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published: March 2004
analytic scripts updated:
November 7, 2010

Creative Commons Attribution-Noncommercial-No Derivative Works 3.0  License
speakers

Building a Festival Web Site: An Uncommon Collaboration
Kimberly Freeman, The Silk Road Project, Inc., USA
John Gordy, Smithsonian Institution, USA
http://www.silkroadproject.org/smithsonian

Session: Not Just Virtual

The Smithsonian Institution's Center for Folklife and Cultural Heritage (www.folklife.si.edu) , the Freer Gallery of Art and Arthur M. Sackler Gallery (www.asia.si.edu), and the Silk Road Project (www.silkroadproject.org) collaborated to produce a Web site documenting the 2002 Folklife Festival which brought together the arts, music, and traditions of the Silk Road for over 1.3 million visitors on the National Mall in D.C. Although a foundation was laid ahead of time, the Web site was constructed on-site in a trailer as the Festival unfolded, taking in and responding to the textures, sounds, events, energy, and people that comprised the event.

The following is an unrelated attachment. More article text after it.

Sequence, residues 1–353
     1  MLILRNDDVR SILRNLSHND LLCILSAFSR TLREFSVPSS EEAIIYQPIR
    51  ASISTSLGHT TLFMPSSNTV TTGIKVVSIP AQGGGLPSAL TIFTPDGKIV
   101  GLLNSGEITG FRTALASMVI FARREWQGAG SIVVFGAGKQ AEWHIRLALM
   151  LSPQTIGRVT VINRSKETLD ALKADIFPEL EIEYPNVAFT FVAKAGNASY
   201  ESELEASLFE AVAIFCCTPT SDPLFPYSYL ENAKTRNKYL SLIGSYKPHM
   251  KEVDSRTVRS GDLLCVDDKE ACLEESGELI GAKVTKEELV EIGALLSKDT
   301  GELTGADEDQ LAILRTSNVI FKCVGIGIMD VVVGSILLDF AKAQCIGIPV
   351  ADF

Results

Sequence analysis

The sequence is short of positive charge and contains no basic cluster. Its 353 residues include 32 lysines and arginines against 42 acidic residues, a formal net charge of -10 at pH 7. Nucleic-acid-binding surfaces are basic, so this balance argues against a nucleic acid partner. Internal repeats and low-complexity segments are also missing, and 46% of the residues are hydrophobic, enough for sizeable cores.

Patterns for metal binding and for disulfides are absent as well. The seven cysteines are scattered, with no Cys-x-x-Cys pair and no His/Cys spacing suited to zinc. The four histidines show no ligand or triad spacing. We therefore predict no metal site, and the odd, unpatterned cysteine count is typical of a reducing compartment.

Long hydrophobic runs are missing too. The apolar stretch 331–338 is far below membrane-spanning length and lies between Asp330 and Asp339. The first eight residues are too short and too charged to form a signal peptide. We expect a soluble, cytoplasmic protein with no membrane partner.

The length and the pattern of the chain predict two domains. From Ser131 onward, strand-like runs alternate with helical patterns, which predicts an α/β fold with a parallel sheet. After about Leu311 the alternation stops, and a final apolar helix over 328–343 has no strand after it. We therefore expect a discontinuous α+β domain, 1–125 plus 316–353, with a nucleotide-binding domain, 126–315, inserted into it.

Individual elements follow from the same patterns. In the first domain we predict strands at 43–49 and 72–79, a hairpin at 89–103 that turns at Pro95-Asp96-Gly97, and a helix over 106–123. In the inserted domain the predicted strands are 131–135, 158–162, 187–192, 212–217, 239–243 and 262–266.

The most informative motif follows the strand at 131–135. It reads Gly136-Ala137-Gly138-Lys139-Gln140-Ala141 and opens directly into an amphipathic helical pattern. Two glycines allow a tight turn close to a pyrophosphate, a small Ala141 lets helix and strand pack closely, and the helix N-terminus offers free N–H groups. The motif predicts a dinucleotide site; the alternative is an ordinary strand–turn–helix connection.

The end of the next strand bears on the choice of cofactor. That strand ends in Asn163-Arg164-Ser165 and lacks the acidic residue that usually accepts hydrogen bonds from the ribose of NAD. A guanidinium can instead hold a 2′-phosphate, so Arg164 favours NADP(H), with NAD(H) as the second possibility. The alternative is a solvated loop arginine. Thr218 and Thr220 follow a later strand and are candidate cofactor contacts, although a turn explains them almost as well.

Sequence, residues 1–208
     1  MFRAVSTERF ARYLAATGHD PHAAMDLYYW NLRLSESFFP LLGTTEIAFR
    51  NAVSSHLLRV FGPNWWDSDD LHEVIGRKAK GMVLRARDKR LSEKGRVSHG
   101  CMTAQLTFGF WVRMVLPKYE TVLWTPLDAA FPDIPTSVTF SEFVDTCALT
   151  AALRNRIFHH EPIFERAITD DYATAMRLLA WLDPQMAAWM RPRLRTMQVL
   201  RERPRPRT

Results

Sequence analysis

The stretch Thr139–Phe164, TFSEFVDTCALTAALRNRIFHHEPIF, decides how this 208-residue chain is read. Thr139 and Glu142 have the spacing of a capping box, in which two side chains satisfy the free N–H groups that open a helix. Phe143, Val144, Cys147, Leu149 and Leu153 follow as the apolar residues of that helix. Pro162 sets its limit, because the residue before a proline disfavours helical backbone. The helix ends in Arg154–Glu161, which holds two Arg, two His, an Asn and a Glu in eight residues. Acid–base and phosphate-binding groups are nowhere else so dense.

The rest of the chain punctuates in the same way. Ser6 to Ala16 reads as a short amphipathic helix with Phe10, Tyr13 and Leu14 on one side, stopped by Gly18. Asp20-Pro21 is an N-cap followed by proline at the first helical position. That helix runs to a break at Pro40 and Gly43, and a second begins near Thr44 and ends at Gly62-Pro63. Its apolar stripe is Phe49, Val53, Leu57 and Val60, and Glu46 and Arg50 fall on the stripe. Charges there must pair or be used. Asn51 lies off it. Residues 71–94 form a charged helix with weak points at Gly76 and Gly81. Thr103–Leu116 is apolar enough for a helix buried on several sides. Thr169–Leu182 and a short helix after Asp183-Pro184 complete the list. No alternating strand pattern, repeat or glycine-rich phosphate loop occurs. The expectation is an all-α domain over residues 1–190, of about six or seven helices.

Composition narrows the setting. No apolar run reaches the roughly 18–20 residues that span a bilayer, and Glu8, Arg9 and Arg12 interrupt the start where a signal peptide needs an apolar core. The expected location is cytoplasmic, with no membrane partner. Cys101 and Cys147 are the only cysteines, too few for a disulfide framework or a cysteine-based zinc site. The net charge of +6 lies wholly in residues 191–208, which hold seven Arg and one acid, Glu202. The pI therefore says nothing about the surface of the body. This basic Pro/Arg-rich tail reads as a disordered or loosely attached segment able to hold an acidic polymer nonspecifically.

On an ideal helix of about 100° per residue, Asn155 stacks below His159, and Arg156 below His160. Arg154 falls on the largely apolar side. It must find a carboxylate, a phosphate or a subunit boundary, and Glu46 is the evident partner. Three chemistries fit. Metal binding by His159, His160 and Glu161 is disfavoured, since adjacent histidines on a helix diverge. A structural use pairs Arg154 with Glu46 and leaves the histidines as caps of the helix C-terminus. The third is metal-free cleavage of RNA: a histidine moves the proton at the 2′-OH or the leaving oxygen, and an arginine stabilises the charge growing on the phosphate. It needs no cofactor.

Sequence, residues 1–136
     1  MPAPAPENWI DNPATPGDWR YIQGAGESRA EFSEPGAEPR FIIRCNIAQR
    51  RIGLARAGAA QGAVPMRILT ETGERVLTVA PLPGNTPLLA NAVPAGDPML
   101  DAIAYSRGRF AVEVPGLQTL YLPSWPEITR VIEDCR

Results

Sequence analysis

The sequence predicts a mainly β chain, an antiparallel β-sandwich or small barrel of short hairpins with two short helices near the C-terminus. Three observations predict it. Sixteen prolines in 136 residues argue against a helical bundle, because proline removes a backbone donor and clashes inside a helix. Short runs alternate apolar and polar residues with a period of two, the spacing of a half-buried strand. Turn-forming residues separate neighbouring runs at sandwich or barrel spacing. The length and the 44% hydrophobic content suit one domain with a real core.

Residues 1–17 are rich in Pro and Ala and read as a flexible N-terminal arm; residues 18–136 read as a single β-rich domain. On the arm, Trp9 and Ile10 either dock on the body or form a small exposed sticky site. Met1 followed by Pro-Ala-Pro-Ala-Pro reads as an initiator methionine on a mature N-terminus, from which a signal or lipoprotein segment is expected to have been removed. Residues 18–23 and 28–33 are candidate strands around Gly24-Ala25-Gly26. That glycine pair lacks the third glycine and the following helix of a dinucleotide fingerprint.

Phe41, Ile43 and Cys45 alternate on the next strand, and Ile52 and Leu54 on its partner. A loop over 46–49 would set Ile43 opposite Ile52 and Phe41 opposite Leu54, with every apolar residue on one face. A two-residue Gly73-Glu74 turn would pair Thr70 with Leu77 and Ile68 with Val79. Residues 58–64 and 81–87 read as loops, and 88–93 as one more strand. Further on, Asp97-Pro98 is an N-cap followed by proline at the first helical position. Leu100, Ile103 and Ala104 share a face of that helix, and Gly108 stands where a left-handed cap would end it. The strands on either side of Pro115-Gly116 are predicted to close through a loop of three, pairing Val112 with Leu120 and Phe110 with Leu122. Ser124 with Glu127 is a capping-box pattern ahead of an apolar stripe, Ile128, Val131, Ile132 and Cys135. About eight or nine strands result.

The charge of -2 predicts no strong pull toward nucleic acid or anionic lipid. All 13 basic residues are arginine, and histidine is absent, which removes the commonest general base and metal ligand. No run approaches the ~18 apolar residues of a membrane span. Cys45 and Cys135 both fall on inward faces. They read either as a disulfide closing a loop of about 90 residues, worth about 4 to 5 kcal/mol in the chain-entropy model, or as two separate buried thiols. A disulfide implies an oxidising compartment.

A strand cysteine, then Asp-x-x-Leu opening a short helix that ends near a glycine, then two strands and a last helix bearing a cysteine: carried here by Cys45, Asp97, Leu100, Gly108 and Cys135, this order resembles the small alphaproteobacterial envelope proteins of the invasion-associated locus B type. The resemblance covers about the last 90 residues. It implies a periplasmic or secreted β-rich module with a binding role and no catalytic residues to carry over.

Building a festival site while the Festival unfolded left little room for error. But producing the site during and within the Festival brought vibrancy and immediacy that would not have been possible had the site been fully designed before the event began. The Web site was thus part of the live event, influenced and inspired by the colors of silk, sounds of music, smells of foods. As videographers and photographers documented events, pages were designed, coded, and launched.

The festival brought people together from around the world. We freely and openly shared knowledge, ideas, and resources becoming an example of collaborative exchange that the Silk Road symbolizes.